Page:A Memoir of the Last Year of the War for Independence in the Confederate States of America.djvu/44

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On the 12th of June, while the 2nd Corps (Ewell's) of the Army of Northern Virginia was lying near Gaines's Mill, in rear of Hill's line at Cold Harbour, I received verbal orders from General Lee to hold the corps, with two of the battalions of artillery attached to it, in readiness to move the Shenandoah Valley. Nelson's and Braxton's battalions were selected, and Brigadier-General Long was ordered to accompany me as Chief of Artillery. After dark, on the same day, written instructions were given me by General Lee, by which I was directed to move, with the force designated, at 3 o'clock next morning, for the Valley, by way of Louisa C. H. and Charlottesville, and through Brown's or Swift Run Gap in the Blue Ridge, as I might find most advisable; to strike Hunter's force in the rear, and, if possible, destroy it: then to move down the Valley, cross the Potomac near Leesburg in Loudon County, or at or above Harper's Ferry, as I might find most practicable, and threaten Washington City. I was further directed to communicate with General Breckenridge, who would co-operate with me in the attack on Hunter, and the expedition into Maryland.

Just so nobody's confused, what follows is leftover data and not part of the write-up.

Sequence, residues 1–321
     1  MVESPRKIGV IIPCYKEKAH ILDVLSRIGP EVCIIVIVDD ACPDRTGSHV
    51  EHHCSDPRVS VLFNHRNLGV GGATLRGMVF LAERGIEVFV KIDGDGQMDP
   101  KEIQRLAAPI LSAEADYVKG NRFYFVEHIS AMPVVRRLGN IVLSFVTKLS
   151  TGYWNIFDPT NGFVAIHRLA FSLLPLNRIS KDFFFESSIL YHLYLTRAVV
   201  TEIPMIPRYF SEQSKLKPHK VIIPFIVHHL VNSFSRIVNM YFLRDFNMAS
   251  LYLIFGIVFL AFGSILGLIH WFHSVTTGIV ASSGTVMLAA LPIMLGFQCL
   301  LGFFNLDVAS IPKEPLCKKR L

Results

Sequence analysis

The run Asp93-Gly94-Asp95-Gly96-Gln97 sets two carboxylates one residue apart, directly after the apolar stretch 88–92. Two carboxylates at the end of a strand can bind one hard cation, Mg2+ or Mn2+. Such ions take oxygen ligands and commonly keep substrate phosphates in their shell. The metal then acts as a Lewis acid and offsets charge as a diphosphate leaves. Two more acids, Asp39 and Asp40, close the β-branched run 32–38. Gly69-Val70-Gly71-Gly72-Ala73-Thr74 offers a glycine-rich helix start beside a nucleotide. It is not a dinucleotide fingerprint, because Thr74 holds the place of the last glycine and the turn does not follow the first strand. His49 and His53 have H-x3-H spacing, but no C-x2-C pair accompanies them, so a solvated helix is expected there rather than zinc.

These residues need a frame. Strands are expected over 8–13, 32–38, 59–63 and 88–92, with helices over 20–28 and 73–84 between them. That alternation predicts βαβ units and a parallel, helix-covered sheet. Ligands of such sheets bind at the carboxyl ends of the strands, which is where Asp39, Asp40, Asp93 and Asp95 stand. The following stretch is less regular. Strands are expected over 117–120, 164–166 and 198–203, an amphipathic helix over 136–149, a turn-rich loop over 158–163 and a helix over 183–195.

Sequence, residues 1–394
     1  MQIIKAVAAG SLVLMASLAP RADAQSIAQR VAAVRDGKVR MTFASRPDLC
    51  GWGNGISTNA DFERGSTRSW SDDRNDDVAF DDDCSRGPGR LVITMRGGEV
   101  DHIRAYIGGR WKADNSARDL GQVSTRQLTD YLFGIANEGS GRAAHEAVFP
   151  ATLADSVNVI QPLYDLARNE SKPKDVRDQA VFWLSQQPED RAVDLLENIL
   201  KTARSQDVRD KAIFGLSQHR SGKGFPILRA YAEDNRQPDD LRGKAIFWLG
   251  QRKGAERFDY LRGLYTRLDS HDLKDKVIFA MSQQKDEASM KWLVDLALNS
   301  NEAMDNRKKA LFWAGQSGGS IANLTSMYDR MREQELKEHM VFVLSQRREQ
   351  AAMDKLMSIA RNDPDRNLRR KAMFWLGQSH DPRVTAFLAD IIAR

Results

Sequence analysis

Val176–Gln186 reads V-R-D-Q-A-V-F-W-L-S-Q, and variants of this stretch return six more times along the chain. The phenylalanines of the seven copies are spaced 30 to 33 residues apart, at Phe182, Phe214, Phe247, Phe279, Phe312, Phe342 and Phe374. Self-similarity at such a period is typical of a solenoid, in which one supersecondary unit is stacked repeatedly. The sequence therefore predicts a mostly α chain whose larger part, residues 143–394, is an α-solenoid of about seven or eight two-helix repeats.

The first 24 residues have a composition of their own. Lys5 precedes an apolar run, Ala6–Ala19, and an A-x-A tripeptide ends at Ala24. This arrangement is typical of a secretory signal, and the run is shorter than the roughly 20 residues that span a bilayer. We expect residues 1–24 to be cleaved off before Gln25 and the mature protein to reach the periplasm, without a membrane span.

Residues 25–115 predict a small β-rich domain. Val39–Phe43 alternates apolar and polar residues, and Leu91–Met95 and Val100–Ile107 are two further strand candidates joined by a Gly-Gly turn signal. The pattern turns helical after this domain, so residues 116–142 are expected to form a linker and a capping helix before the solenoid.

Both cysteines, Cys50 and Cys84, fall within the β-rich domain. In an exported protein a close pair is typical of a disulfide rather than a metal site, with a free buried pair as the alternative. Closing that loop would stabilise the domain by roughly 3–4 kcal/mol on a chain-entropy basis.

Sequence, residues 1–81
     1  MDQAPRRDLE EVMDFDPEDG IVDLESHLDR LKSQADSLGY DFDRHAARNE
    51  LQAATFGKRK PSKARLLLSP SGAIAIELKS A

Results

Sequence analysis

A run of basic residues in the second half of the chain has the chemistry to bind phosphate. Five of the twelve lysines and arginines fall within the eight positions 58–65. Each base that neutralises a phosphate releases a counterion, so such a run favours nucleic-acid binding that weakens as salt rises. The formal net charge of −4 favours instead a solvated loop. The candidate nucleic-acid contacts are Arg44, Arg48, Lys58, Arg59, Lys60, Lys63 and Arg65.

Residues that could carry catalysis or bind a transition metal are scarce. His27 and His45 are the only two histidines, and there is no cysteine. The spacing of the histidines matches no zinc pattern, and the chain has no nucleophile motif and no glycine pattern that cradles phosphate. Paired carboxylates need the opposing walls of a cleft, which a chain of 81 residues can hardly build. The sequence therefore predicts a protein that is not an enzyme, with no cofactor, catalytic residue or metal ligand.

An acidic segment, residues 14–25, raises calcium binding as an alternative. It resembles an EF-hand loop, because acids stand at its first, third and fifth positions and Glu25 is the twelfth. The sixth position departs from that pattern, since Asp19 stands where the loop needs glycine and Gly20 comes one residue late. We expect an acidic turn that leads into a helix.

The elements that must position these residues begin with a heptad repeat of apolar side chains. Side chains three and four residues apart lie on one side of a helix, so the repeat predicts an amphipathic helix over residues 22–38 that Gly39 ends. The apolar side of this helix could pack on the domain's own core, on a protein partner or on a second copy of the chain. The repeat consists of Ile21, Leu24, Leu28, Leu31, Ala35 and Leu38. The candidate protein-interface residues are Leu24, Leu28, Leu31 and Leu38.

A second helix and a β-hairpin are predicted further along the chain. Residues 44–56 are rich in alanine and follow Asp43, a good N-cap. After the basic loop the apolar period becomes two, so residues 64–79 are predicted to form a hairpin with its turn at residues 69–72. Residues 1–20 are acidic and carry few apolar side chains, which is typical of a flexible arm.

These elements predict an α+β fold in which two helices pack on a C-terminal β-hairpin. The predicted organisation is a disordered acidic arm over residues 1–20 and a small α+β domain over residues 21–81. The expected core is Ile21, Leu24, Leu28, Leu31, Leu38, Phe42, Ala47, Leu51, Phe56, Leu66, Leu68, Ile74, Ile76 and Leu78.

At this time the railroad and telegraph lines between Charlottesville and Lynchburg had been cut by a cavalry force from Hunter's army; and those between Richmond and Charlottesville had been cut by Sheridan's cavalry, from Grant's army; so that there was no communication with Breckenridge. Hunter was supposed to be at Staunton with his whole force, and Breckenridge was supposed to be at Waynesboro, or Rockfish Gap. If such had been the case, the route designated by General Lee would have carried me into the Valley in Hunter's rear.

The 2nd Corps now numbered a little over 8,000 muskets